2. Wall Street: It's still early days, but investors appear to have regained their nerve overnight. The Asian session was tepid, to be sure, however a rally in European and US equities reveal a market that has found its appetite for equities again. As the existing narrative would imply, much of this was underpinned by a fresh appetite for rate-sensitive US big tech stocks, which according to the NASDAQ, rallied almost 3 per cent overnight, leading both the Dow Jones and S&P in the realms of 2 per cent higher. Implied volatility fell, but remains relatively high at around 18, so of course it would be foolish to claim the recent sell-off is authoritatively through. In stating this, commentary has shifted away somewhat from risks from rates and tariffs, to anticipating the fruits of what is expected to be a bumper reporting season – particularly after the likes of Goldman Sachs and Morgan Stanley posted impressive results early this morning. Europe: Likely owing to being largely oversold to begin with, the strong activity in European equities come despite a mixed-news day for the region. Like much of the global-share-market following last week’s equity rout, valuations and dividend yields within European indices have become more attractive this week, apparently enough to attract buyers into European share markets, even against doubts regarding the strength of the region’s upcoming reporting season. UK data provided some impetus for the bulls last night, after labour market figures showed that the unemployment rate held at 4.0 per cent and average earning climbed by an above forecast 2.7 per cent. The GBP/USD pushed-up just below the 1.32 handle on the news, however rate markets were more-or-less steady, as traders ostensibly tie their BOE rate-hike bets to the outcome of souring Brexit negotiations. Macro-backdrop: The boost to investor sentiment has infused equity traders with glimmers of confidence, though the greater appetite for risk hasn’t necessarily flowed through to other asset classes. Yields on US Treasuries were flat the last 24 hours, and despite climbing back above the 112-handle against the Yen, the US Dollar has failed to catch a major bid. Risk proxies like the AUD and NZD are a skerrick higher, with the Aussie Dollar floating about 0.7140, but gold is still finding haven buying, holding above a support line at $US1224. Moreover, proving that last night’s rally isn’t on the firm basis of greater confidence in global growth prospects, the Bloomberg Commodity Index edged 0.1 per cent lower, even considering a sustained increase in oil prices amid fears of lower supply because of a potential rift between the US and Saudi Arabia. ASX: The strong overnight lead has SPI futures pointing a 28-point jump for the ASX200 at this morning's open, following a day in which the Australian share market popped modestly higher from its oversold levels. The pop was reflected primarily in the activity in bank stocks, which rallied-off its own oversold reading, to collectively climb 0.55 per cent for the session. It was the materials space though that led the index higher, courtesy of a 1.4 per cent rally, despite the limited price gains in commodity prices yesterday. The day's trade establishes an interesting dynamic for the ASX200 today: the index fought unsuccessfully throughout trade to re-enter last week's broken trend channel. Futures markets has this transpiring at the open - a positive sign for the Aussie market. Regional data: Despite leading to limited price action across the region, Asia was littered with fundamental data yesterday. It was kicked-off early morning our time, upon the release of key New Zealand CPI data, which revealed stronger than expected consumer price growth of 1.9 per cent annualized for that economy. The algo-traders seemed to kick-in post the event, pushing the NZD/USD to the significant 0.6600 handle, before human rationality took over the pair lower, primarily on the knowledge that the data wouldn’t change materially the RBNZ’s interest rate views. Chinese CPI data was also printed yesterday, revealing an-expectation figure of 2.5 per cent – up from the previous 2.3 per cent. Once again however, although inflation is proving to be running a little hotter in China, trader’s judged that the news wouldn’t shift the dial for policymakers and promptly moved on. RBA’s Minutes: Of domestic significance, the RBA released the minutes from their recent meeting, with very little novel information to glean: “members continued to agree that the next move in the cash rate was more likely to be an increase than a decrease. However, since progress on unemployment and inflation was likely to be gradual, they also agreed there was no strong case for a near-term adjustment in monetary policy”. The reaction in market was one of the more muted from an RBA release, registering barely a reaction across financial markets. There were some interesting points discussed from a purely academic perspective in the document – some substance for the economics-nerds – especially relating to hot global asset prices, but nothing in the way of potential policy approaches from the central bank. FOMC Minutes and Reporting Season: Approaching the half-way mark for the trading-week, investors prepare for its pointier end. The major event will transpire tomorrow morning local time, in the form of the FOMC Minutes from the US Federal Reserve’s last monetary policy meeting. Of course, most of panic and volatility in global markets has come because of the Fed’s hawkishness in recent times, so market participants will peruse the details of tomorrow’s minutes for insights that confirm or deny fears about higher global rates. The broader market will also engross itself further in US reporting season, with Netflix (for one) posting what is being considered currently a better than forecast set of numbers, by way of virtue of a smashing of subscription growth estimates.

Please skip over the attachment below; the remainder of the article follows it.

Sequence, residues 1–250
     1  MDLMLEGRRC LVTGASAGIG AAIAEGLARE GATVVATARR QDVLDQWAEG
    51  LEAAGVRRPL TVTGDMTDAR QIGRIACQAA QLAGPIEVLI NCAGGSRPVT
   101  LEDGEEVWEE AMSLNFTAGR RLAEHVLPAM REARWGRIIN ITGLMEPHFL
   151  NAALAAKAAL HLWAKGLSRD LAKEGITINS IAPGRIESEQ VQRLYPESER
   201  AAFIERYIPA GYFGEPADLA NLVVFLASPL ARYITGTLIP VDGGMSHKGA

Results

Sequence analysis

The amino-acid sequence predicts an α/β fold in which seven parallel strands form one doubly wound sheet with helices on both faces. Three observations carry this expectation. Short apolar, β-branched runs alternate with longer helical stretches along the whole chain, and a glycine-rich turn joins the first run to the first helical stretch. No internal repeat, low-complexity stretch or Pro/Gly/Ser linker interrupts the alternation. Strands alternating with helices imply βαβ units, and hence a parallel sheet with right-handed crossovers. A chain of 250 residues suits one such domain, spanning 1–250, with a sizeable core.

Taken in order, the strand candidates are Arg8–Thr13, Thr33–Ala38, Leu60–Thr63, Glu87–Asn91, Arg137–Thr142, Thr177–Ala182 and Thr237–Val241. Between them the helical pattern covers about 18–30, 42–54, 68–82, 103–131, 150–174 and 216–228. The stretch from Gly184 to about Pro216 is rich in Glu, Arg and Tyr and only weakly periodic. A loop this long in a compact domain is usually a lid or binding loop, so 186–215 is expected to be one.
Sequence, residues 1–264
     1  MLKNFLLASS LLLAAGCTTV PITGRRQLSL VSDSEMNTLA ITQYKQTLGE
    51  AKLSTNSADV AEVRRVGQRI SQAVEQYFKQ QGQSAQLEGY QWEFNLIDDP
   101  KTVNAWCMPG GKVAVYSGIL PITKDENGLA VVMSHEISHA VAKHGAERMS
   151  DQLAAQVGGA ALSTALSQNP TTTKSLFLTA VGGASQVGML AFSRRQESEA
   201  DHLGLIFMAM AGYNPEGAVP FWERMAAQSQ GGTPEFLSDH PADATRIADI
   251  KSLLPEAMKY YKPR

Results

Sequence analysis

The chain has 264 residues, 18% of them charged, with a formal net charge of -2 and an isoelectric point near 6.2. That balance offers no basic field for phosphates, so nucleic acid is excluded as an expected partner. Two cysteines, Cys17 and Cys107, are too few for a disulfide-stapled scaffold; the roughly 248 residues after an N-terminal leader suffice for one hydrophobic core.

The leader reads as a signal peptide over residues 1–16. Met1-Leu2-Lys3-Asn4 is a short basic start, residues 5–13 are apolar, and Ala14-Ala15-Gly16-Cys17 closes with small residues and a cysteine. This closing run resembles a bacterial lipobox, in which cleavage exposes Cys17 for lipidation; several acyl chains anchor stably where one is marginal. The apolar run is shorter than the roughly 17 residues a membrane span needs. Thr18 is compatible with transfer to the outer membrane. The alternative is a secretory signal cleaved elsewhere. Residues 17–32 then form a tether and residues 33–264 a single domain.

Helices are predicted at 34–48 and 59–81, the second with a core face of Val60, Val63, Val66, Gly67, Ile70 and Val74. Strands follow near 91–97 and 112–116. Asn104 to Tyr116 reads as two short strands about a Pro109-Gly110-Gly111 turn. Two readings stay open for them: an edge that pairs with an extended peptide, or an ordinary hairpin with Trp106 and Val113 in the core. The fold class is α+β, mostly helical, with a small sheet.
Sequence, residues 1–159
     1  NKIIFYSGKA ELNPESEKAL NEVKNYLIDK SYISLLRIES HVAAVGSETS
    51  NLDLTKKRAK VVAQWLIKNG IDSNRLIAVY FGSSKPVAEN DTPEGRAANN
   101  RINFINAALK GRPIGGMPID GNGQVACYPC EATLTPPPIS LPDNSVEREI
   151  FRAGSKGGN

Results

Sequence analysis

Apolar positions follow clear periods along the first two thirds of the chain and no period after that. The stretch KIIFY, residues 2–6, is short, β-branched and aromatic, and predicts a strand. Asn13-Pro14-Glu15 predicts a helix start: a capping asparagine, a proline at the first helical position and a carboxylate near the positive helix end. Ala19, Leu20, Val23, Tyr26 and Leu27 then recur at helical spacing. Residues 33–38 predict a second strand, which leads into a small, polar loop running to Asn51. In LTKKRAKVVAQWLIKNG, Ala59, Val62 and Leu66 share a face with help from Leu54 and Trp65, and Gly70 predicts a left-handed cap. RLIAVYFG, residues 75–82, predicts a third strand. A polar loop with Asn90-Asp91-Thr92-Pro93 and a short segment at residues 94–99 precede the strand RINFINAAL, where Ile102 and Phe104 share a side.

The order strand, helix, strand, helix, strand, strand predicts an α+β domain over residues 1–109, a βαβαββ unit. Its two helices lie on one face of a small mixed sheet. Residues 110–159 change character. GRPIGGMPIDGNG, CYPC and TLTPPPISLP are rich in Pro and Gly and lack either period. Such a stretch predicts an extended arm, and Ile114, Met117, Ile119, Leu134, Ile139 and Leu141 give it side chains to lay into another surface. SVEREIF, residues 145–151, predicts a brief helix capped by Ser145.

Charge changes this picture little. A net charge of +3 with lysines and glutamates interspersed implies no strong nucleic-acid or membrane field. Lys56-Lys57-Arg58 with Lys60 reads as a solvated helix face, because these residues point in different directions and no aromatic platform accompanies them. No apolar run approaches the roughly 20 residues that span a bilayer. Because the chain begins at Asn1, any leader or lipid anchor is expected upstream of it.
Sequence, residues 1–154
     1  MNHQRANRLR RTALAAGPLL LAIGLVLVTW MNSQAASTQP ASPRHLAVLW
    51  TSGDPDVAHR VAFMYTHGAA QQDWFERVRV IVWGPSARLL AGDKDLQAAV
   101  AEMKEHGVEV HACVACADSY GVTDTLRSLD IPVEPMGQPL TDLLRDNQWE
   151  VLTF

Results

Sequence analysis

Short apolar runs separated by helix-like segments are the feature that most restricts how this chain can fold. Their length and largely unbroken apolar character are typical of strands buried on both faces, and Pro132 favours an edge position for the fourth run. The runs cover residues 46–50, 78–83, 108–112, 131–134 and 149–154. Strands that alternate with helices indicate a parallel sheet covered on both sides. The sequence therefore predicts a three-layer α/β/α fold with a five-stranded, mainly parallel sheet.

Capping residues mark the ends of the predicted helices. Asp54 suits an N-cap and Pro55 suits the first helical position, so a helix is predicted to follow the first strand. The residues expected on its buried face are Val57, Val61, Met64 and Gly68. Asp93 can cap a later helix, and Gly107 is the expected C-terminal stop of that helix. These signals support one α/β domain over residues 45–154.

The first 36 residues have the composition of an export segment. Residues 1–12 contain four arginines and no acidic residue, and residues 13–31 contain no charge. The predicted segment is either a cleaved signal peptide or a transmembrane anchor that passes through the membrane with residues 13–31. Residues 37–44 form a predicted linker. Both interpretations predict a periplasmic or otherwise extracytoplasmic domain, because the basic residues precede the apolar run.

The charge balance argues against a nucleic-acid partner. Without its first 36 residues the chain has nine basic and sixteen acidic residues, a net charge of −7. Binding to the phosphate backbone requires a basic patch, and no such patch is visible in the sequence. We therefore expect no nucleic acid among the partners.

3. Dead cat bounce in Asia? The ASX200 really couldn’t catch a bid yesterday. Most concerningly, it happened within a back drop of slightly higher volumes, showing that the sellers truly washed out the bulls throughout the day’s trade. The Asian region kicked-off the week sluggishly in general, unable and unwilling to run with the lead provided by Wall Street on Friday evening. The action in Asia prompted calls of a dead-cat bounce across global equities, something that has since been proven premature, based on the mixed day witnesses overnight in the European and US session. There just appears such a general reluctance for investors to search for value in the Asian region, despite the cold-hard numbers implying that pockets of it exists. Of course, P/E ratios and yields never tell the full story, and often lag actual changes in earning’s forecasts. Yet still, it does feel surprising, if not concerning, that the pockets of value that exist aren’t being seized by investors. Where are the buyers? It’s none-truer than on the ASX200, ahead of a day in which SPI futures are implying a 1-point jump at the open. The Australian share-market is presenting as a trifle oversold, with the daily-RSI stuck at multi-year lows, but downside momentum slowing-down only gradually. An absence of growth investors has stripped the Aussie shares of much of their bid, in-line with investor behaviour across most equity markets in the face of rising global rates, but again, the curious point – one that sets the ASX200 somewhat apart at present – is the missing search for underling value. In principle, it shouldn’t be too difficult to find: the sell-off across the local market has pushed yields just-shy of 4.50 per cent, while the project 1-year P/E ratio for the overall index is just above 14:1. It could be that a VIX above 20 is too higher to attract buyers at this stage – it will be an important litmus test for the market as to whether the ASX200 catches a bid when this unwinds. ASX Downside: To be fair, there are some considerable headwinds for Australian investors that may preclude them from behaving in the same fashion as their US or even European counterparts. The banks look ugly now – less so the hard numbers, but more from the superficial perspective that their brands have been (justifiably) diminished by the effects of the Financial Services Royal Commission. The best-yielders on the Australian share market are comprised in a big-way by the banks, so a lack of yield chasers in the market could come based on a sizeable reluctance to buy banks, even at apparently cheap prices. Following a day for the ASX200 that only saw the energy space catch-a-lift, entirely due to a since faded bounce in oil prices, buying impetus could be difficult to come by in the day ahead for the index, as support around 5800 returns to trader’s sights. RBA Minutes: It won’t change much the trading dynamic for Australian shares, but some useful insights regarding the Aussie-macro backdrop will be handed to us in the form of RBA Monetary Policy Minutes today. The interest generally will be directed towards any idea into the confluence of factors stifling the Australian households: financial stability will be one, a lack of wage growth another, so will high levels of private debt amid falling property prices, along with increasing retail interest rates, and (to a lesser extent) how global risks will affect the local economy. Despite the abundance of information, for traders, the dial probably won’t shift in rates market expectations that an RBA hike won’t come until 2020; nor in the AUD/USD, which will probably find support at 0.7100 even in the event of the most dovish tone to the minutes. China: Zooming out the microscopic lens for a moment: Australian financial markets are being served no favours by what is transpiring in Chinese markets. It was another rough day for China-bulls, who were legged by a fresh bout of selling after news broke that US President Trump – while riffing in an interview with CBS – may consider a fresh round of tariffs on the Middle Kingdom’s economy. Counter-arguments based on fundamentals aside, there seems to few willing to bet on a strong Chinese growth story at presetn. The comprehensive Shanghai Composite hit lows not registered since November 2014, while the narrower, blue-chip laden CSI300 languished around 2015 lows. This week will be illuminating for investors regarding whether the growth-outlook is indeed this poor for China, with CPI data day (for one) kicking-off a slew of Chinese fundamental data releases. Chinese growth, global growth: Perhaps it is so that the actions of Chinese policy makers are raising concerns about the country’s dubious growth prospects. Markets seem to interpret any policy intervention from the government or PBOC as a minor concession that things in the economy aren’t so great. The logic makes sense: there is the view that China’s economy is a touch opaque, and that Chinese data is prone to some level of manipulation. The offshore Yuan is manifesting signs of this scepticism, as the PBOC apparently conforms to the markets desire to devalue the Yuan, to potentially the key psychological barrier of 7.00. How far Chinese, and broader Asian indices, may fall before bottoming out is becoming an increasingly interesting question, as sentiment overrides the highly attractive valuations to keep the bears in control. Overnight: The underwhelming display in the Asian session translated into mixed European and US trade overnight. There was little depth of fundamental data, and though Brexit negotiations and fears of deteriorating ties between the global community and Saudi Arabia persisted, it wasn’t enough to incite panic in market participants. US Retail Sales disappointed slightly, but trade was defined more by a general lack of confidence in US investors: US Treasuries ticked higher and the USD dropped –benefitting gold again, driving its price temporarily above $US1230. A rotation away from growth stocks – that is, the tech-giants – continued by way of virtue of fears surround trade-wars and higher global rates, driving the NASDAQ lower, and the Dow Jones and S&P500 weren’t able to catch and hold onto their early-bid, selling-off in late trade as investors struggled to grasp whether generally higher growth-risks will manifest in the upcoming earnings season.